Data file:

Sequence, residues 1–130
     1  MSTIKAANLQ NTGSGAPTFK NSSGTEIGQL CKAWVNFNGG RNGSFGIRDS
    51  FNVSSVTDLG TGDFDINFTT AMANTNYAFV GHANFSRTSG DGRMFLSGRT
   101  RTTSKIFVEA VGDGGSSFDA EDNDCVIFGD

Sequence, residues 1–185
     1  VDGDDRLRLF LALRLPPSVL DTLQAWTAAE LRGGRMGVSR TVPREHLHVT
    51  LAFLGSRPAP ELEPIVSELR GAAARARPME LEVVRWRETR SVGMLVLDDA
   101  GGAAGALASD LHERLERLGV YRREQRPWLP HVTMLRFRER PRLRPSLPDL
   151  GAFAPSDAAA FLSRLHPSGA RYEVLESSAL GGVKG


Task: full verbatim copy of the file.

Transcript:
Sequence, residues 1–130
     1  MSTIKAANLQ NTGSGAPTFK NSSGTEIGQL CKAWVNFNGG RNGSFGIRDS
    51  FNVSSVTDLG TGDFDINFTT AMANTNYAFV GHANFSRTSG DGRMFLSGRT
   101  RTTSKIFVEA VGDGGSSFDA EDNDCVIFGD

Sequence, residues 1–185
     1  VDGDDRLRLF LALRLPPSVL DTLQAWTAAE LRGGRMGVSR TVPREHLHVT
    51  LAFLGSRPAP ELEPIVSELR GAAARARPME LEVVRWRETR SVGMLVLDDA
   101  GGAAGALASD LHERLERLGV YRREQRPWLP HVTMLRFRER PRLRPSLPDL
   151  GAFAPSDAAA FLSRLHPSGA RYEVLESSAL GGVKG